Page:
• July 15, 2010
  • 04:41 AM
  • 834 views

Really fine grained genetic maps of Europe

by Razib Khan in Gene Expression

A few years ago you started seeing the crest of studies which basically took several hundred individuals (or thousands) from a range of locations, and then extracted out the two largest components of genetic variation from the hundreds of thousands of  variants. The clusters which fell out of the genetic data, with each point being [...]... Read more »

O'Dushlaine, C., McQuillan, R., Weale, M., Crouch, D., Johansson, �., Aulchenko, Y., Franklin, C., Polašek, O., Fuchsberger, C., Corvin, A.... (2010) Genes predict village of origin in rural Europe. European Journal of Human Genetics. DOI: 10.1038/ejhg.2010.92  

  • July 15, 2010
  • 03:10 AM
  • 562 views

Gold catalysed Sonogashira?

by Rik in NNNS chemistry blog

A year ago Buchwald and Bolm investigated some alleged iron-catalysed coupling reactions and found that copper present in minute quantities as a contaminant was the true catalyst. In a similar case, Lauterbach et al. in a new publication argue that several gold-catalyzed coupling reactions reported in the recent literature are in fact co-catalyzed by hidden palladium. Gold just cannot do it on its own.
... Read more »

Lauterbach, T., Livendahl, M., Rosellón, A., Espinet, P., & Echavarren, A. (2010) Unlikeliness of Pd-Free Gold(I)-Catalyzed Sonogashira Coupling Reactions. Organic Letters, 12(13), 3006-3009. DOI: 10.1021/ol101012n  

  • July 15, 2010
  • 03:00 AM
  • 906 views

The Sound of the Sea

by The Twenty-first floor in The Twenty-first floor

Far from being "The Silent World", the oceans are alive with sound. Marine biologist Andrew Guerin discusses how sound is important to marine animals and what effect noise pollution from human endeavours may have on ocean ecosystems.... Read more »

Slabbekoorn, H., Bouton, N., van Opzeeland, I., Coers, A., ten Cate, C., & Popper, A. (2010) A noisy spring: the impact of globally rising underwater sound levels on fish. Trends in Ecology , 25(7), 419-427. DOI: 10.1016/j.tree.2010.04.005  

  • July 14, 2010
  • 08:37 PM
  • 868 views

Can individuals perceive and understand speech without the ability to produce it?

by Greg Hickok in Talking Brains

"Yes" is the correct answer. Here's the background to the question:I finally mustered the courage (i.e., sufficient control over my blood pressure) to read Pulvermuller & Fadiga's recent (2010) review paper in Nature Reviews Neuroscience. But I don't want to talk about their paper -- yet. I want to discuss a paper they cite. Here is the context in which they cite it: P & F are, of course, arguing for the importance of the motor system in receptive language. After arguing correctly that sens........ Read more »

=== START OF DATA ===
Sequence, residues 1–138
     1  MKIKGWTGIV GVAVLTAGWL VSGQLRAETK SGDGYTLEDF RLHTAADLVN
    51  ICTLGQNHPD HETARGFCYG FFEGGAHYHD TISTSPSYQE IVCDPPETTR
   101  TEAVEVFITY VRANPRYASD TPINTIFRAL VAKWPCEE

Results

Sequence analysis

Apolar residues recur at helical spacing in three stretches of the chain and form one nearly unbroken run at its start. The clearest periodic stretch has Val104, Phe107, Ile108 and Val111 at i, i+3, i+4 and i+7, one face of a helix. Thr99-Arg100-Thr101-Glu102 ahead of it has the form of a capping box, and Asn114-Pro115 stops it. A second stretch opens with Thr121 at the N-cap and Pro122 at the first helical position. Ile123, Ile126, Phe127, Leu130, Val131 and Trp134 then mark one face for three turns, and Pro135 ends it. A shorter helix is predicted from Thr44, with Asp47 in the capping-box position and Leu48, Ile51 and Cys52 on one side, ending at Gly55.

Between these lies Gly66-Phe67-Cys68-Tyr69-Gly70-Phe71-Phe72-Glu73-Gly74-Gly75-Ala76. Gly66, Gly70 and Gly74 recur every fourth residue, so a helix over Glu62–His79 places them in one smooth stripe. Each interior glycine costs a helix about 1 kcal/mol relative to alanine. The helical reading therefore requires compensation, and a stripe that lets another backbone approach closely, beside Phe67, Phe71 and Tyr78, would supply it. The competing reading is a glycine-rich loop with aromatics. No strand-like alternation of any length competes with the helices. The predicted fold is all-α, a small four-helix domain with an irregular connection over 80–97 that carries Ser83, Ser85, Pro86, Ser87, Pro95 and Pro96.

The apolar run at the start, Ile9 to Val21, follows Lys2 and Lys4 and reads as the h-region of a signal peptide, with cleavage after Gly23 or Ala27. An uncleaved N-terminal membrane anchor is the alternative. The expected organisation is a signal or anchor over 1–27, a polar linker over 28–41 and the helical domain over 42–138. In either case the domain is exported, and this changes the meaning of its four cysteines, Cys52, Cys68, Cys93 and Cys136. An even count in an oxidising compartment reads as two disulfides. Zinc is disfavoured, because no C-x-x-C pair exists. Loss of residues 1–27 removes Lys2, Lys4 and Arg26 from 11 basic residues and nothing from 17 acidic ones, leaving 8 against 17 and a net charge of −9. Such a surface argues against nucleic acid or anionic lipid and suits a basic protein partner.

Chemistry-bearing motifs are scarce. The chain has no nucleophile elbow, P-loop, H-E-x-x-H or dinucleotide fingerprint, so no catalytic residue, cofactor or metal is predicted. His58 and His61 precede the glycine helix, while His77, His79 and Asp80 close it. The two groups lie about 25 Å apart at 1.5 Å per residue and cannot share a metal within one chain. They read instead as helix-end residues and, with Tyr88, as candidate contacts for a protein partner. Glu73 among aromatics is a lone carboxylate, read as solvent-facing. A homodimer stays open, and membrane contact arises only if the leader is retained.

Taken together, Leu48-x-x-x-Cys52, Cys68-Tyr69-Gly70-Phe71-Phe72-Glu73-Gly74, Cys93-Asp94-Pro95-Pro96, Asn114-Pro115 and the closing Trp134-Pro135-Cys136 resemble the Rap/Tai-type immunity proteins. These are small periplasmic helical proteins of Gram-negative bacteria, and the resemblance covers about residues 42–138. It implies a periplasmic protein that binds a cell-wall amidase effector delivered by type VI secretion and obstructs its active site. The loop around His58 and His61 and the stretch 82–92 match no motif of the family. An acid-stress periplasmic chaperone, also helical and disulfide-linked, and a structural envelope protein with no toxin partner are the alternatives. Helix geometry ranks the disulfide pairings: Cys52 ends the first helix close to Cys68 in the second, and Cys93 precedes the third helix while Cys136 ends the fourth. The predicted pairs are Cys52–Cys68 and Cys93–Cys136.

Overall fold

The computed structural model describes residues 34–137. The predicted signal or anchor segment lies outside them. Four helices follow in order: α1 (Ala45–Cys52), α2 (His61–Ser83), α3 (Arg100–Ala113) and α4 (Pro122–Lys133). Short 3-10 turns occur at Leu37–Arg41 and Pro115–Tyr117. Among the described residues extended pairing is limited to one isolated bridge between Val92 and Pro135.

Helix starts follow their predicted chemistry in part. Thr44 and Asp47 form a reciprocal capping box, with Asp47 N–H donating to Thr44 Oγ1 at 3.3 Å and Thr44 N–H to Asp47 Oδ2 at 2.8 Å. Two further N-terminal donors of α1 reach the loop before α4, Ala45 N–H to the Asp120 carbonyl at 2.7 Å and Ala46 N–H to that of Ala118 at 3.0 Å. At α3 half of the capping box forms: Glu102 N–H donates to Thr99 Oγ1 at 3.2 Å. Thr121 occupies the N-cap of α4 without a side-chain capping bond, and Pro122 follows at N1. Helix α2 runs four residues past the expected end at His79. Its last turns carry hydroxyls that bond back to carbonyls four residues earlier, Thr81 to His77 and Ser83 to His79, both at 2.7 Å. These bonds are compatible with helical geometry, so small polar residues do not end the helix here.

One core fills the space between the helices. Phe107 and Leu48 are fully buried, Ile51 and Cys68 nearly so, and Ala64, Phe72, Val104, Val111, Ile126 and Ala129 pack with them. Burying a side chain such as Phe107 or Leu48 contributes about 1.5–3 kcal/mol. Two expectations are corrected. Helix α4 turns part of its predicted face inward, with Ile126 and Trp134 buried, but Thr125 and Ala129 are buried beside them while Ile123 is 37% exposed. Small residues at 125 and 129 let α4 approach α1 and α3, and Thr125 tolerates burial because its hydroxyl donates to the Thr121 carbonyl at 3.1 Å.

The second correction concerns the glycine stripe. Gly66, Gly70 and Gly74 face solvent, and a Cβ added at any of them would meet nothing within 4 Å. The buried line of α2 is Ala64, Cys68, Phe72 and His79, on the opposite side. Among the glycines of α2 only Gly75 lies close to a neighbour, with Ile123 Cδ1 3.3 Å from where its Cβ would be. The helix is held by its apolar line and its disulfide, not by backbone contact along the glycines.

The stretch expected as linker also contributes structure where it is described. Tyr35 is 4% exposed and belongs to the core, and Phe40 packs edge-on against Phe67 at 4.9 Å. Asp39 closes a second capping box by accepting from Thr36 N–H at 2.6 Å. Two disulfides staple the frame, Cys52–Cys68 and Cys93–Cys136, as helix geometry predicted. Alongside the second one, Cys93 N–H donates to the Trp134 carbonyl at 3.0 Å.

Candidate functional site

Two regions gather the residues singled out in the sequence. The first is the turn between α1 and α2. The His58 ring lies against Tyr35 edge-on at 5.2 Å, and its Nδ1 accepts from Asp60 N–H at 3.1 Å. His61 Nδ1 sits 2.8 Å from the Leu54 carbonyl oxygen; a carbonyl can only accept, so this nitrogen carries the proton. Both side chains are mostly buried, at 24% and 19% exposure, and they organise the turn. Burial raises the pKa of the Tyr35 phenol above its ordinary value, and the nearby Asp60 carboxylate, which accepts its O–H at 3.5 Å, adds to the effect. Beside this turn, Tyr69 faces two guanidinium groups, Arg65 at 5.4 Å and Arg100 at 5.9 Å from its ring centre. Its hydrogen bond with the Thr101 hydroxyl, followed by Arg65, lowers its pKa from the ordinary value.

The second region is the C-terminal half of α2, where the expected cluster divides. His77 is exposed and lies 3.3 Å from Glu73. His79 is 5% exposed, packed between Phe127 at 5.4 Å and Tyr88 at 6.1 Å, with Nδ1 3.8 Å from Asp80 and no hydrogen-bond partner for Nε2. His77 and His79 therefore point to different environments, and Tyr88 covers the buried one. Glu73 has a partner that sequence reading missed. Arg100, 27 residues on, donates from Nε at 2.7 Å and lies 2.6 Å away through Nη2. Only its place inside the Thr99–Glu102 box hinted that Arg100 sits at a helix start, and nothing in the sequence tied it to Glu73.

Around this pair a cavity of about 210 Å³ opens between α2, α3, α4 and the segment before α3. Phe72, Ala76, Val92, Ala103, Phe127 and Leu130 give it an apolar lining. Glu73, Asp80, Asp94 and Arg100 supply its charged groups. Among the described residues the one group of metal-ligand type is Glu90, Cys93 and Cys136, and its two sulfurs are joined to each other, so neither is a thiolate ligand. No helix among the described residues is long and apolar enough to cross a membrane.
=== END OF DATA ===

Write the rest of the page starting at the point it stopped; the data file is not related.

• July 14, 2010
  • 08:00 PM
  • 974 views

Sit less, Move more

by Aurametrix team in Health Technologies

I am typing this standing in front of my computer. My tall chair is aside.  About a year ago I discovered that life is better if I stand while working some of the time. Then I found out that other people discovered it too, and more keep discovering. We hear it often: eat less and exercise. But this may not be enough. As shown in a recent study, exercise does not counteract the ill effects of sedentary lives, we should keep moving throughout the day too.  New York Times article about th........ Read more »

Dunstan, D., Barr, E., Healy, G., Salmon, J., Shaw, J., Balkau, B., Magliano, D., Cameron, A., Zimmet, P., & Owen, N. (2010) Television Viewing Time and Mortality: The Australian Diabetes, Obesity and Lifestyle Study (AusDiab). Circulation, 121(3), 384-391. DOI: 10.1161/CIRCULATIONAHA.109.894824  

Katzmarzyk PT, Church TS, Craig CL, & Bouchard C. (2009) Sitting time and mortality from all causes, cardiovascular disease, and cancer. Medicine and science in sports and exercise, 41(5), 998-1005. PMID: 19346988  

  • July 14, 2010
  • 06:05 PM
  • 1,418 views

Fosmid cloning: Alive and kicking

by epibio in EpiCentral

Although advances in next-generation sequencing technology have replaced the need for clone libraries in many laboratories, fosmid libraries are still useful in a variety of functional genomics studies.